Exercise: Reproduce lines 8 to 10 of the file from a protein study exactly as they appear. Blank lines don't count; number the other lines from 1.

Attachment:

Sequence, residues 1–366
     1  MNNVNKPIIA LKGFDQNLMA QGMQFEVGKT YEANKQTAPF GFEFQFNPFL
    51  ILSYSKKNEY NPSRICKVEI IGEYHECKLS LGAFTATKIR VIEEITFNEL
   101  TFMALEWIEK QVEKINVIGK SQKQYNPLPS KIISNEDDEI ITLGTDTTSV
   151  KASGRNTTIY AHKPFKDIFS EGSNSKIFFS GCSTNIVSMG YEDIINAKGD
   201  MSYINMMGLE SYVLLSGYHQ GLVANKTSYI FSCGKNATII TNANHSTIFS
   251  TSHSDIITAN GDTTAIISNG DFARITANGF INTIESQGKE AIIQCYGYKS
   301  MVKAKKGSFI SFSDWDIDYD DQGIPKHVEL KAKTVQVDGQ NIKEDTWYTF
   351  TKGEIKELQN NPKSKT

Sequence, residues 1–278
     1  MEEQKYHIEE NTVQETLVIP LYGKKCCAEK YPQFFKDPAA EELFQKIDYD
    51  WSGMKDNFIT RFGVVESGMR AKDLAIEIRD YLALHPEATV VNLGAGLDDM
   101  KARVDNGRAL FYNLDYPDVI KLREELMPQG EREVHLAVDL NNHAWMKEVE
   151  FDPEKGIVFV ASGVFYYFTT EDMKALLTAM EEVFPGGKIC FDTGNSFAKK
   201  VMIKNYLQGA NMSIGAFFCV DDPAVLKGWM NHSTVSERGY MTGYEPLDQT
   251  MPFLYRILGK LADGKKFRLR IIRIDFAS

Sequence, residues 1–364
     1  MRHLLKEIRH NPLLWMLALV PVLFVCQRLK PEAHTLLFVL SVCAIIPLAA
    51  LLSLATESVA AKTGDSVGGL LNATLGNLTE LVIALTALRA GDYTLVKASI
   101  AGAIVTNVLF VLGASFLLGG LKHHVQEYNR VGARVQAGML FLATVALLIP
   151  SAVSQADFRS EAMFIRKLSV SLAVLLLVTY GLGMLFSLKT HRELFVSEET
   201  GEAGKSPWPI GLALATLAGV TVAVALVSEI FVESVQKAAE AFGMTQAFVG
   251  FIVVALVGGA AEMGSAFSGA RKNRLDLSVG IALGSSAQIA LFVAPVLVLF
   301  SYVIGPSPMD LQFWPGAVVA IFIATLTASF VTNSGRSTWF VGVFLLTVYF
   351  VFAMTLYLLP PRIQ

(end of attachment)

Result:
   301  MVKAKKGSFI SFSDWDIDYD DQGIPKHVEL KAKTVQVDGQ NIKEDTWYTF
   351  TKGEIKELQN NPKSKT

Sequence, residues 1–278